“So this sounds promising, but how do I restrict my methionine intake, and do I have to give up more foods that I like?!”

Well here is the good news. If you were to follow a methionine restricted diet, you would be avoiding animal products such as meat, dairy and eggs, and increasing consumption of plant-based sources of nutrition; sound familiar?! 

This is all very promising so far, but as with nearly all medical research, the puzzle doesn’t fit together neatly.  You see, methionine levels are also relatively high in fish. But before you tear up your favourite OMS salmon recipes, it is worth remembering that Prof. Jelinek’s research found additional benefits from regular fish consumption in people with MS, in all measures of quality of life, relapse rates and disability levels. It is extremely common to have seemingly mutually exclusive contradictions in the human body, and simply shows that further work needs to be done to fully understand an extremely complex pathway.

In the meantime, it is very encouraging that the body of evidence behind the OMS program continues to expand rapidly, but you can never have too much of a good thing when it comes to determining the very best way to live well with MS.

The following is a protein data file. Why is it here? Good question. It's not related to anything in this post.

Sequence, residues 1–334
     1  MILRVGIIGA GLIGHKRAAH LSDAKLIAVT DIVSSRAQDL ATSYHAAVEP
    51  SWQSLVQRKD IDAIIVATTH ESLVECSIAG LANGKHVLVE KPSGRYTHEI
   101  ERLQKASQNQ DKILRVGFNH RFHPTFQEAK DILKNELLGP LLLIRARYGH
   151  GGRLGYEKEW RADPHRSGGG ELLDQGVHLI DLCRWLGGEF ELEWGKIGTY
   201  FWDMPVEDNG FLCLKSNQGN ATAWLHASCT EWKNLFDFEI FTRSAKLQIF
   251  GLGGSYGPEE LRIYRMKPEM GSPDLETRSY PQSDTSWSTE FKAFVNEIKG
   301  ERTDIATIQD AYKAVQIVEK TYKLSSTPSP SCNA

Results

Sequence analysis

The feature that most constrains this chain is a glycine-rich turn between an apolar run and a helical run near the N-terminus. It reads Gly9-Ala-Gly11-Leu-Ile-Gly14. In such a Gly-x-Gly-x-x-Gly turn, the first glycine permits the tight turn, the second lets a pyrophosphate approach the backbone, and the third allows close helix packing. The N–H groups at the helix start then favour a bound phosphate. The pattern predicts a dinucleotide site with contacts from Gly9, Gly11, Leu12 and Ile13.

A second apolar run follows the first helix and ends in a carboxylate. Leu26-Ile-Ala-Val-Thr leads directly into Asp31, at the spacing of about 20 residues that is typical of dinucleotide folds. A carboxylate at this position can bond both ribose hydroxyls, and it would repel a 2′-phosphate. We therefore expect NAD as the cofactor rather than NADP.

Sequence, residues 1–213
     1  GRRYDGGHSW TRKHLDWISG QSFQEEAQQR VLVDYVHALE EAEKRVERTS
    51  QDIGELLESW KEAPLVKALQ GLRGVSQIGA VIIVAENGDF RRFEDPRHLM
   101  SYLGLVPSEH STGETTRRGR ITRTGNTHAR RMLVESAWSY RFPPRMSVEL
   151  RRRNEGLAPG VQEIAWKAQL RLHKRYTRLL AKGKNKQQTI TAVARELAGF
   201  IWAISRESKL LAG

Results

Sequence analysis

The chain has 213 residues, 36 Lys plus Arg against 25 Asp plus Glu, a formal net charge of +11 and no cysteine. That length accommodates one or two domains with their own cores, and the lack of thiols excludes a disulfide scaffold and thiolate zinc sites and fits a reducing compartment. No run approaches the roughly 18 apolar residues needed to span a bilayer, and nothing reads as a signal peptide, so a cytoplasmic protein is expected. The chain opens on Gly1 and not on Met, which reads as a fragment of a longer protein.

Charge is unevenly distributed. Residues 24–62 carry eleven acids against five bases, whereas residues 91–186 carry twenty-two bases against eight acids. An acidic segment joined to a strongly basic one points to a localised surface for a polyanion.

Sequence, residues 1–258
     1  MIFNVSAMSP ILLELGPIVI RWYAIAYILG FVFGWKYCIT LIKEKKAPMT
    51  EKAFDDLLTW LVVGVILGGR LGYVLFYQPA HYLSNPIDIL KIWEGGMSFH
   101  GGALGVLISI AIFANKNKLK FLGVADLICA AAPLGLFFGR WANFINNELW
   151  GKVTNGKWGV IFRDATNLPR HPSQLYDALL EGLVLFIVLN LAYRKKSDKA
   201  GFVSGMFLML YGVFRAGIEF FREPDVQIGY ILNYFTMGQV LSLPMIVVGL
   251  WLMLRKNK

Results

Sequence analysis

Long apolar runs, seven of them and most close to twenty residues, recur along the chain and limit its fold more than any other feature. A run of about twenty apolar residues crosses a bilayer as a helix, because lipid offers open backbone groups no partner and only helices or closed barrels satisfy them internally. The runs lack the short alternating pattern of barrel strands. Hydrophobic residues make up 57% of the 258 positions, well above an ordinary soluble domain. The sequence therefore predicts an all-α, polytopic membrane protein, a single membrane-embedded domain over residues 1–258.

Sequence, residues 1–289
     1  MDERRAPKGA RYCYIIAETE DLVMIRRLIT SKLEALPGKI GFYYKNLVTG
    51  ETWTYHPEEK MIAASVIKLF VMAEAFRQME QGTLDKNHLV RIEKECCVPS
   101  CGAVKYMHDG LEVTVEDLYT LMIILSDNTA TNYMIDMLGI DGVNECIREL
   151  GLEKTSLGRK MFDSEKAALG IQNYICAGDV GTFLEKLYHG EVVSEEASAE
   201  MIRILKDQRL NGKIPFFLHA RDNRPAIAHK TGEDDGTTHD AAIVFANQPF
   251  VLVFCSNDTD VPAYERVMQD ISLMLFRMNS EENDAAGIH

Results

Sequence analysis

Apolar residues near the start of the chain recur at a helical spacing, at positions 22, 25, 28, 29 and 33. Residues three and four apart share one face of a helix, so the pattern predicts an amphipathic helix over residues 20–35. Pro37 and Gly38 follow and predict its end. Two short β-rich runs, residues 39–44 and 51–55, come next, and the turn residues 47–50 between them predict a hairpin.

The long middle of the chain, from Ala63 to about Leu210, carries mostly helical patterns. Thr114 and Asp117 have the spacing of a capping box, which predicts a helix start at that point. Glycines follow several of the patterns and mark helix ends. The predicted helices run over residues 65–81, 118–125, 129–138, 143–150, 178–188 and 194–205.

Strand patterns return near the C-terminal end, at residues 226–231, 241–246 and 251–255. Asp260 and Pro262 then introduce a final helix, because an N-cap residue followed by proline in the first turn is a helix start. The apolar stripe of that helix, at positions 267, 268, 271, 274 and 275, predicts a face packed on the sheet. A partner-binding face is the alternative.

We will of course keep you posted on any future developments.


1) Roy D.G., Chen J., et al.  Methionine Metabolism Shapes T Helper Cell Responses through Regulation of Epigenetic Reprogramming, Cell Metabolism, Volume 31, Issue 2, 2020, Pages 250-266.

2)  Swank R.L., Dugan B.B., Effect of low saturated fat diet in early and late cases of multiple sclerosis, The Lancet, Volume 336, Issue 8706, 1990, Pages 37-39.

3)  Hadgkiss E.J., Jelinek G.A., Weiland T.J., Pereira N.G., Marck C.H., van der Meer D.M. The association of diet with quality of life, disability, and relapse rate in an international sample of people with multiple sclerosis. Nutritional Neuroscience. 2015;18(3):125-136.

4)  Fitzgerald K.C., Tyry T., Salter A., et al. Diet quality is associated with disability and symptom severity in multiple sclerosis. Neurology. 2018;90(1):e1-e11.

5)  Gafson A.R., Thorne T., McKechnie C.I.J. et al. Lipoprotein markers associated with disability from multiple sclerosis. Sci Rep 8, 17026 (2018).

6)  Black L.J., et al. A healthy dietary pattern associates with a lower risk of a first clinical diagnosis of central nervous system demyelination, Multiple Sclerosis Journal (2018)

7)  Jakimovski D., Weinstock-Guttman B., Gandhi S. et al. J Neurol (2019) 266: 866.

8)  Neumann B, Baror R, Zhao C, et al. Metformin Restores CNS Remyelination Capacity by Rejuvenating Aged Stem Cells. Cell Stem Cell. 2019;25(4):473-485.

9)  Hoffman R.M., Clinical Studies of Methionine Restricted Diets for Cancer Patients, Methods Mol Biol. 2019;1866:95-105. doi: 10.1007/978-1-4939-8796-2_9.